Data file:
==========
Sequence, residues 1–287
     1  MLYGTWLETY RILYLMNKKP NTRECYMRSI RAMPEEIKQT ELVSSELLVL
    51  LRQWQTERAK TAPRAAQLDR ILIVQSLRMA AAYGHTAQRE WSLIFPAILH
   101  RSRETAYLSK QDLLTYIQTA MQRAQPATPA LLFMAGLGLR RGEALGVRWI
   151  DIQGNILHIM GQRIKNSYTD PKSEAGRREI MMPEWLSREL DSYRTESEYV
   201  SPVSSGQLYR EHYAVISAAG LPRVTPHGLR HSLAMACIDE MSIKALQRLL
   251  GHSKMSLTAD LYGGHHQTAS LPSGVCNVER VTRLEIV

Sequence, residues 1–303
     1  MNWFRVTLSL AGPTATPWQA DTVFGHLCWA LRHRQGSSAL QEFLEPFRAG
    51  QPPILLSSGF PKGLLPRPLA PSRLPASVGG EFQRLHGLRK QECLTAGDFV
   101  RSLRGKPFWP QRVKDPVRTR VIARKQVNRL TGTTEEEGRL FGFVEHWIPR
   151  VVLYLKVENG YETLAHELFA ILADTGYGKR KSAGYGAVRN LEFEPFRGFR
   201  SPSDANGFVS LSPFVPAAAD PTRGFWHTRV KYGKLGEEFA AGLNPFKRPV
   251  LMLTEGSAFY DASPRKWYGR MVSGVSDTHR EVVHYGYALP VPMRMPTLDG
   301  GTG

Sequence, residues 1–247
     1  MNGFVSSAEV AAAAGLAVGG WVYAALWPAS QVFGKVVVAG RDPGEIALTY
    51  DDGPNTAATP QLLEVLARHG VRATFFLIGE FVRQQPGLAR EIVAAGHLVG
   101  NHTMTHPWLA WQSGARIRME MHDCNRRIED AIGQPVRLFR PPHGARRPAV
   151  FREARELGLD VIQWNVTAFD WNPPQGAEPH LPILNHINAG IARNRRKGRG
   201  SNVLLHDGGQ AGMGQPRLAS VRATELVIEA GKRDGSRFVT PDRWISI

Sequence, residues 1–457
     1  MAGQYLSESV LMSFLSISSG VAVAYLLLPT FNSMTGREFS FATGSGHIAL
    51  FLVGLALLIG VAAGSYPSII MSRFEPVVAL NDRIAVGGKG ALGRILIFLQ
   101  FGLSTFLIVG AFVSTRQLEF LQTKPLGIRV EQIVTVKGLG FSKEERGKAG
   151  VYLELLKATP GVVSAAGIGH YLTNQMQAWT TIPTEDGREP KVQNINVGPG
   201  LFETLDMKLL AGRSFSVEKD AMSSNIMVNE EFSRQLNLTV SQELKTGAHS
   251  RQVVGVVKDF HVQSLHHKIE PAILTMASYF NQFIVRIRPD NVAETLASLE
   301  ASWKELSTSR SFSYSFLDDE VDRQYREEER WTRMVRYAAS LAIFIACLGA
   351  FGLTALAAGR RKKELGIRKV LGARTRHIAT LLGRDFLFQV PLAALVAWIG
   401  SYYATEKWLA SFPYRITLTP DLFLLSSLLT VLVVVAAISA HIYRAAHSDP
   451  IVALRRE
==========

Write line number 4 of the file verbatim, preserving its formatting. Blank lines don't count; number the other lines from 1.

   101  RSRETAYLSK QDLLTYIQTA MQRAQPATPA LLFMAGLGLR RGEALGVRWI